Fact sheet: Heatwaves and energy supply explained

temperature

As we move into the summer peak electricity demand period, the Australian Energy Council and Energy Networks Australia have released a fact sheet on the potential impacts on the energy system.

In summer the power system is tested on hot days when demand rises. Energy infrastructure is also put under greater stress from bushfires and extreme weather events.  

In 2020 energy providers have also had to contend with the added uncertainty caused by the COVID-19 pandemic and the need to carefully plan and manage maintenance programs and projects. 

The Australian Energy Council’s chief executive, Sarah McNamara, said there had been strong collaboration between the market operator, generators and network providers to ensure summer readiness.

“High maximum demand is driven by hotter days and historically this tends to be hot weekdays and when business and industry are fully operating,” she said.    

“Despite COVID this year, the biggest risk to the electricity system remains at the end of a run of two or more hot days when demand can spike as we turn to cooling systems. 

“Buildings heat up and there can be reduced output due to a range of reasons – the availability of thermal and renewable generation and physical limits to the grid. We also seeing demand spikes in the early evening when output from solar on our rooftops drops with the sun.”

Energy Networks Australia CEO, Andrew Dillon, said networks were very conscious that losing power even for a short time during a heatwave could cause distress.

“Electricity providers do everything possible to avoid any loss of power, which is why we maintain a schedule of critical works throughout the year,” he said.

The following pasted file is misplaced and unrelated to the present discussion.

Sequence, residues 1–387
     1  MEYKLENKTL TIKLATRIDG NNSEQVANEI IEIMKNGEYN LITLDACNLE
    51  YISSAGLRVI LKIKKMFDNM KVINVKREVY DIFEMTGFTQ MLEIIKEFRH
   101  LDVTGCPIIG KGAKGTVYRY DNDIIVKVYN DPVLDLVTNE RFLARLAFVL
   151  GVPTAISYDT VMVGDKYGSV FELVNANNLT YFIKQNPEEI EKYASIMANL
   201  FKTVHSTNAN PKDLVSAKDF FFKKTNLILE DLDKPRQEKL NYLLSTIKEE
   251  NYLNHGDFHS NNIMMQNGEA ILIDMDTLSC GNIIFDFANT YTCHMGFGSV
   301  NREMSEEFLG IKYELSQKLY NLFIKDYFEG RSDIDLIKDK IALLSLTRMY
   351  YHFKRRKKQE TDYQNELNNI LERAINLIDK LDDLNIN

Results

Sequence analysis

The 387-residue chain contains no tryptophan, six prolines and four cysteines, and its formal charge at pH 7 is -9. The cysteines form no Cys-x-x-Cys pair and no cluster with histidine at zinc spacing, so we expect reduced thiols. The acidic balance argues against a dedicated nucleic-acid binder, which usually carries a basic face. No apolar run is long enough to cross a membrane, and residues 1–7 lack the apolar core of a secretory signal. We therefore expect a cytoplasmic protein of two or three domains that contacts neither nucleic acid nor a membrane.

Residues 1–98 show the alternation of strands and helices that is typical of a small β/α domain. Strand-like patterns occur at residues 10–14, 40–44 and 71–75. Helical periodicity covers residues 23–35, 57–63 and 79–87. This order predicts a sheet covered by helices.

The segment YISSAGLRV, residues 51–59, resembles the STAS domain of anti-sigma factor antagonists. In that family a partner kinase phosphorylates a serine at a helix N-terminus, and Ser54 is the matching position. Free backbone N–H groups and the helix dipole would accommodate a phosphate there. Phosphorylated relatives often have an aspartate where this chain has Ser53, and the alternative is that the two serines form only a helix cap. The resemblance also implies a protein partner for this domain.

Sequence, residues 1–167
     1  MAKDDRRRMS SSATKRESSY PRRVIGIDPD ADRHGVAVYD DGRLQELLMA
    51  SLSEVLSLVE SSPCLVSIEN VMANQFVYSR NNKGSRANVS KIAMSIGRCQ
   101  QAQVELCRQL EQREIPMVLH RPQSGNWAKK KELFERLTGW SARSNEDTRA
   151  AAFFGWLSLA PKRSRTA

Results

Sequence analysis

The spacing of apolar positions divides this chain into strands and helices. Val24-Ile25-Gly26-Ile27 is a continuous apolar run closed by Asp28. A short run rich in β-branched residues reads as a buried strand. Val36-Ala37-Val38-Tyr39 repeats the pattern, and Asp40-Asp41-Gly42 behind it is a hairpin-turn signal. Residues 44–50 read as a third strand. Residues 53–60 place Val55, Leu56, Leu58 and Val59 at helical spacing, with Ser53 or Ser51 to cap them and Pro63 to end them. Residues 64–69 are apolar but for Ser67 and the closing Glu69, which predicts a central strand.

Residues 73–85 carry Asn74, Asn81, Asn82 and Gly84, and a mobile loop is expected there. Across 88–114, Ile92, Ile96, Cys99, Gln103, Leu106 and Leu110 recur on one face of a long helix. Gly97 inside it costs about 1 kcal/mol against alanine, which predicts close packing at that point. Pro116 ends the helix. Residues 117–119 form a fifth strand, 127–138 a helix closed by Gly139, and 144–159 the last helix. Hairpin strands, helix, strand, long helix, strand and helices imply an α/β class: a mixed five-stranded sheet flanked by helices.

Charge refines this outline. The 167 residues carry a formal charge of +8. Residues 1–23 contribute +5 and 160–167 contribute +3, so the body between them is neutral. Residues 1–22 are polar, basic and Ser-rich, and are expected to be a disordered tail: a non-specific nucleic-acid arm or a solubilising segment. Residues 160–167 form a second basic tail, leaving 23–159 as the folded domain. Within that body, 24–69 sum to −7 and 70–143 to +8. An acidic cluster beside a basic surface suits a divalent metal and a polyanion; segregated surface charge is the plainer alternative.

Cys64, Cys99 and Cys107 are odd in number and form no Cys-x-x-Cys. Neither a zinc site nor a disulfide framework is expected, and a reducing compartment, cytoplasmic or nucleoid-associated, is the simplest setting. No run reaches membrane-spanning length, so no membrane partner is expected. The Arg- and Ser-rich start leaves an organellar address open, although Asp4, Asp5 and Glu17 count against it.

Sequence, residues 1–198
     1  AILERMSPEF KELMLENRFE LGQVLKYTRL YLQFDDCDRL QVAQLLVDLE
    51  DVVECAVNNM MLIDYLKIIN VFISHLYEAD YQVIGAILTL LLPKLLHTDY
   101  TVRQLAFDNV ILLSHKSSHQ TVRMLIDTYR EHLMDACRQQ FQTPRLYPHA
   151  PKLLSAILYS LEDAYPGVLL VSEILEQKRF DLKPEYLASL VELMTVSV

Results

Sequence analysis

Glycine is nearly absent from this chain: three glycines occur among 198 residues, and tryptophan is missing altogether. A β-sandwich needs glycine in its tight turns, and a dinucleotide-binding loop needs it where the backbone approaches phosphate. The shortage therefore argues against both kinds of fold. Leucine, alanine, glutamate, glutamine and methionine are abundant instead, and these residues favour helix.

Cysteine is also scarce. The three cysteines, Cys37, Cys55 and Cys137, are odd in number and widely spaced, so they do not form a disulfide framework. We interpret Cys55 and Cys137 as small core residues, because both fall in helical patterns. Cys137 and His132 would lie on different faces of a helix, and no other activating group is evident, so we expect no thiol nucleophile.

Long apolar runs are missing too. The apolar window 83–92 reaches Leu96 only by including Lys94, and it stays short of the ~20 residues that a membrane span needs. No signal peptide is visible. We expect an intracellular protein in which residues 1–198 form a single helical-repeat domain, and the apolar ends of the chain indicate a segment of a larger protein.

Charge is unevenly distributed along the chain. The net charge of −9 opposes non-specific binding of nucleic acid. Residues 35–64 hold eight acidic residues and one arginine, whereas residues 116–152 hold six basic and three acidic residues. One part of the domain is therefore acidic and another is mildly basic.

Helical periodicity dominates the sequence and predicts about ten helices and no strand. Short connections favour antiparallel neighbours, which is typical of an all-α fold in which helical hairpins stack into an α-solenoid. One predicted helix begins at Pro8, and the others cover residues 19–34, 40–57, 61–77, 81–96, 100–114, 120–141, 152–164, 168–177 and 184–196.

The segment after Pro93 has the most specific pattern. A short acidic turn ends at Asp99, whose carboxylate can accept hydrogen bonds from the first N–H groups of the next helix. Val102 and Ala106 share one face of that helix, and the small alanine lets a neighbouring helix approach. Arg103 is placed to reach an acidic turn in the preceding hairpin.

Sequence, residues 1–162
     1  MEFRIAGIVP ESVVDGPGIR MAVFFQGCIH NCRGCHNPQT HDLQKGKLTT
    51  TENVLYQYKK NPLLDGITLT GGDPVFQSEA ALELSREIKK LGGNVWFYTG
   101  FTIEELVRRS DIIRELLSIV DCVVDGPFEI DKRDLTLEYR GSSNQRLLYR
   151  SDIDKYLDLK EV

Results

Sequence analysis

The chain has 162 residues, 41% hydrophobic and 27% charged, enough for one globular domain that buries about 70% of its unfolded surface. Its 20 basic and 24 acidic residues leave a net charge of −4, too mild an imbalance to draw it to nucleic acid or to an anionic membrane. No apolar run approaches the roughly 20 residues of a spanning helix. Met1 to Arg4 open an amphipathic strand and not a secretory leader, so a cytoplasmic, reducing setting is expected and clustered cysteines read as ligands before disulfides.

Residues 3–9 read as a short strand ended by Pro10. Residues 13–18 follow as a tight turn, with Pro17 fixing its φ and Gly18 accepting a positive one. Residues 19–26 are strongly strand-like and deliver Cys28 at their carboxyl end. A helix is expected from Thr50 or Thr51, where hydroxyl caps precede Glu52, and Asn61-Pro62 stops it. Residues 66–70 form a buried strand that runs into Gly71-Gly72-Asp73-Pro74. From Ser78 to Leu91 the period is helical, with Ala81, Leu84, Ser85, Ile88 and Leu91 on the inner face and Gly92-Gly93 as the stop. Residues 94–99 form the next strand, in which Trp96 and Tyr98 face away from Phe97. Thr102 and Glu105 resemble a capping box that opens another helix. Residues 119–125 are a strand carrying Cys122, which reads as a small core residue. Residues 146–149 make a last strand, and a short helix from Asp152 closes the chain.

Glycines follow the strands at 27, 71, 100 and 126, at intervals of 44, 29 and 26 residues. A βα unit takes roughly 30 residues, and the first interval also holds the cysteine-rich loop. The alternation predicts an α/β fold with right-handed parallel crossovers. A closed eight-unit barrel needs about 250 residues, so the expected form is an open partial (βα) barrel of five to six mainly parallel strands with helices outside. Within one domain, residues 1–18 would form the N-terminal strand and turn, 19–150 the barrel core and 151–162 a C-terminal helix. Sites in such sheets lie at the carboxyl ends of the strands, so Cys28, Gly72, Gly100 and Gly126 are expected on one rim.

“If however, there are electricity supply shortfalls in an extreme heat event, the market operator will order networks to temporarily turn power off (load shed) in in different parts of the grid to secure the power system. When this happens, outages are kept as short as possible.” 

Mr Dillon encouraged customers to find out which company distributed electricity to their premises so they could follow them on social media and bookmark their website. 

“Only one network business supplies electricity to your house or business, so follow them to get timely information specific to your local area in the event of an outage,” Mr Dillon said.  

Ms McNamara said individual power station generation units could have  unplanned outages from time to time. 

“This is normal not just for large plants here in Australia but also overseas,” she said.

“Power systems have back-up capacity, which is designed to manage a limited number of individual outages.

“AEC members continue to invest to ensure plant availability at peak times.”